Very perceptive column by John Dvorak about YouTube. He gets it exactly right, IMHO. Sample:
BERKELEY, Calif. (MarketWatch) — YouTube, the privately-held video sharing website, now delivers an estimated 100 million videos a day to its users. The site has been online for barely a year.
It’s [sic] growth rate is phenomenal and without precedent, skyrocketing into the public consciousness and becoming commonplace nearly overnight. So what do the journalists, analysts and pundits all do when they witness this moment in history? Kvetch.
Nobody actually wants to understand exactly why this happened in the first place. Instead you hear the following (and typical) Silicon Valley commentary. “How are they going to monetize it?” “It’s the dotcom bust 2.0!” “There must be a video bubble.” “They’re burning through $1.5 million a month. How can they continue?”
It’s weird but almost nobody looks at this tremendous growth curve and asks themselves, “Holy cripes! How did that happen!?!” Instead you get headlines such as “Is YouTube the next Napster?”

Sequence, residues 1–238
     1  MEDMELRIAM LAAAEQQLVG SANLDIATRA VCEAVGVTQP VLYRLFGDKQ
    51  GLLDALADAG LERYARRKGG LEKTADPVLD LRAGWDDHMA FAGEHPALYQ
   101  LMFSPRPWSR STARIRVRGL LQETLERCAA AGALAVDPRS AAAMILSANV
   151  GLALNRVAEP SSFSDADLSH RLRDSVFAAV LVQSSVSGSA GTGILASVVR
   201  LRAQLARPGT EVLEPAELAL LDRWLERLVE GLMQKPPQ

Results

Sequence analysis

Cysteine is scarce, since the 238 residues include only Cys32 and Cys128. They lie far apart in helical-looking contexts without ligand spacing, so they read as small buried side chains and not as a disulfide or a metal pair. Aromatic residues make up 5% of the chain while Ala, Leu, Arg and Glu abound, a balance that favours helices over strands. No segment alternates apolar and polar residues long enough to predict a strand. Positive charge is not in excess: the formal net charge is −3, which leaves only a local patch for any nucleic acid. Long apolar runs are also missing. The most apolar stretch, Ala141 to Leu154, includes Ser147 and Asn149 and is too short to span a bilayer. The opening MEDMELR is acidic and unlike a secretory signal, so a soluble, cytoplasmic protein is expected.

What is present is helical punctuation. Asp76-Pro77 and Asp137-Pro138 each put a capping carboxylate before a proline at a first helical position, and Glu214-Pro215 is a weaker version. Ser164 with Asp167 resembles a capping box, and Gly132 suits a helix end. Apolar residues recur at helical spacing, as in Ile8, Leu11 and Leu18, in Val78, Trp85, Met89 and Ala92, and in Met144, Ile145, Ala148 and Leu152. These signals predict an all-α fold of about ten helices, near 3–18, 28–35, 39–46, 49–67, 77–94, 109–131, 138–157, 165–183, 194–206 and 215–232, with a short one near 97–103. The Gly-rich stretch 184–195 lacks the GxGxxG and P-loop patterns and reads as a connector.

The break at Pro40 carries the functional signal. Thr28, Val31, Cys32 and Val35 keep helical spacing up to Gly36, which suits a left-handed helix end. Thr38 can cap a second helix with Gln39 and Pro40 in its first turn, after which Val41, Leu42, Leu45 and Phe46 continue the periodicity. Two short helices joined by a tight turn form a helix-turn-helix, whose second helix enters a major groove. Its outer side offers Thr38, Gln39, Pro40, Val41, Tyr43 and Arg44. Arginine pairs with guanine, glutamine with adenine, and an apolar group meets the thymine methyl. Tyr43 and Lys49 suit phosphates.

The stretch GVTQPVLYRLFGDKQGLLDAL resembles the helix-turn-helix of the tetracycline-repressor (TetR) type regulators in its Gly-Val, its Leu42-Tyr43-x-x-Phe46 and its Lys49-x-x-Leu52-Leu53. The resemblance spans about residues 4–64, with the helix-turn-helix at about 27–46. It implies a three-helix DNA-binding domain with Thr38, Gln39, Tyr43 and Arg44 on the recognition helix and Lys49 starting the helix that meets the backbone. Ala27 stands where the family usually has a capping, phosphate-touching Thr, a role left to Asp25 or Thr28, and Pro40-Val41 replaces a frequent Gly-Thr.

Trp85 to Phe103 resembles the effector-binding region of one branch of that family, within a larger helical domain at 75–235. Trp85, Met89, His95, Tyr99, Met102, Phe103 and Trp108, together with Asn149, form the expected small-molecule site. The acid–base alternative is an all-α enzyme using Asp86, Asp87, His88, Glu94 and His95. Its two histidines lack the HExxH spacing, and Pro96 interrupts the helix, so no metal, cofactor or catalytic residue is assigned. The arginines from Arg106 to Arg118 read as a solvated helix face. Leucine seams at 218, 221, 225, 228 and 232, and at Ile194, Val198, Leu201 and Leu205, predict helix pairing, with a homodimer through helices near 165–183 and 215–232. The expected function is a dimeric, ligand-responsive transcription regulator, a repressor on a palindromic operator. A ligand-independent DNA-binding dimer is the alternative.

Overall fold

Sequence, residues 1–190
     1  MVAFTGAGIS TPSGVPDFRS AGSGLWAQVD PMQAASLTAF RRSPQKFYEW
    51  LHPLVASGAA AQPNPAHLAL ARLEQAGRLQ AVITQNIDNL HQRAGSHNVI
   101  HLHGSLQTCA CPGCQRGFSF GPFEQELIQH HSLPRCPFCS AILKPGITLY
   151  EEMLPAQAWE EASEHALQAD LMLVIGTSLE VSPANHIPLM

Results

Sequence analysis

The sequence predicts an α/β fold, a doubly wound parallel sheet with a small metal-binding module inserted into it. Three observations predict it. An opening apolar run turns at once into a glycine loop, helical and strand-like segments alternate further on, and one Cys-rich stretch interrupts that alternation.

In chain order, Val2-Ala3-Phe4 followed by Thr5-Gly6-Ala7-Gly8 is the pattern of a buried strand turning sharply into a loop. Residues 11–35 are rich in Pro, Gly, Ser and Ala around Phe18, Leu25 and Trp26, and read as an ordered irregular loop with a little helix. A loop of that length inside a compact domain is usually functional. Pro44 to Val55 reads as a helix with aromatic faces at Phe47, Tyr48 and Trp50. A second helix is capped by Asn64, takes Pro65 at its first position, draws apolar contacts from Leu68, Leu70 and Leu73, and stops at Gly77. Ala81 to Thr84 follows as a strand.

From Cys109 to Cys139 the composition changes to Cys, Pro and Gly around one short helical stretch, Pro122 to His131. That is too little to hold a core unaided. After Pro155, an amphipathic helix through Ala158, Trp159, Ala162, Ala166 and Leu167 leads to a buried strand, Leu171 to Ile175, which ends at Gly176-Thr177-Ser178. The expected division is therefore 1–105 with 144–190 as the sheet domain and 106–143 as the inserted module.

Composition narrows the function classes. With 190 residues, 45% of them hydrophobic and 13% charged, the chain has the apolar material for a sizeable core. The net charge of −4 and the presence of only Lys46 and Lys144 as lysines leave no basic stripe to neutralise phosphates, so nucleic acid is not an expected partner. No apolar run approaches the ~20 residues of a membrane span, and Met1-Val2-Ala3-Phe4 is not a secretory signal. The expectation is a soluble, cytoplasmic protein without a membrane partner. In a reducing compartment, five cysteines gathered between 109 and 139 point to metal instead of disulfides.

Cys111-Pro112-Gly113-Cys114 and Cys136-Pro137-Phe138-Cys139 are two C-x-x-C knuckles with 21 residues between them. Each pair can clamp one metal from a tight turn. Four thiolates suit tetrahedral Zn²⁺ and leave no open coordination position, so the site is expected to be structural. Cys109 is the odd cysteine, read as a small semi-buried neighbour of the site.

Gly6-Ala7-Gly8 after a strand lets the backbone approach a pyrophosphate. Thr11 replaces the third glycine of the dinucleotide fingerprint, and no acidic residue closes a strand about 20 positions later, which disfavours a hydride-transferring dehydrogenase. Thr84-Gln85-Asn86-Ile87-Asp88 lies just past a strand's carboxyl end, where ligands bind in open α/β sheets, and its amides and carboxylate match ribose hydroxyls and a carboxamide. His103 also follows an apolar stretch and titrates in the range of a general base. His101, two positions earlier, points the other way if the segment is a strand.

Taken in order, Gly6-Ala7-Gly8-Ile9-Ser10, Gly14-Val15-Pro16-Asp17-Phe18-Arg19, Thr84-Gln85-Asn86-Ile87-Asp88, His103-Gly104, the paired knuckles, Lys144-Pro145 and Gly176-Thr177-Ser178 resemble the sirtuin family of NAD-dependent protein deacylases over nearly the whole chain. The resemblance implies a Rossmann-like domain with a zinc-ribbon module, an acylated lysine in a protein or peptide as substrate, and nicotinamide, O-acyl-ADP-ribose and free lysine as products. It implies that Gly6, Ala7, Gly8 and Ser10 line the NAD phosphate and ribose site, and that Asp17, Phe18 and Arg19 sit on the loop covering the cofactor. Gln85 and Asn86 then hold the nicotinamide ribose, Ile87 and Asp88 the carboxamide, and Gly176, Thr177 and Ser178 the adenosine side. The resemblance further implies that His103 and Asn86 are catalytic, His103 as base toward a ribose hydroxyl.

Apparently YouTube has stumbled on to something and perhaps we should try and understand that in itself. If and when the company manages to “monetize” (don’t you love that term?) things may change.
And you must assume that with all the marketing brains out there one of them can find a way to make money. I’m more concerned about why this product exploded the way it did. I’ll critique the money-making scheme when it appears.
So let’s look at what caused the growth. And let’s note that this company is hardly the first on the block to let users share video. Google video, in fact, looks a lot like YouTube, but never achieved this growth despite getting a big head start.
Two things seem to be at work. The first is the incredible desire people have to share video clips with each other. That’s now apparent.
What’s not so apparent, unless you actually have tried to use the various video sharing sites, is that nobody — and I mean nobody — made it easy until YouTube.
Right on! (Now there’s an ageing hippy exclamatiion if ever I saw one!) I pay — happily — for my Flickr Pro account. And, like John D, I would pay for YouTube too.
YouTube is like Flickr in the early days — you can see its members still struggling with the technology. But they’re rapidly getting on top of it. Editing movies is HARD. (Believe me, I know: I have the scars to prove it.) In a year’s time there will be even more accomplished videos like this.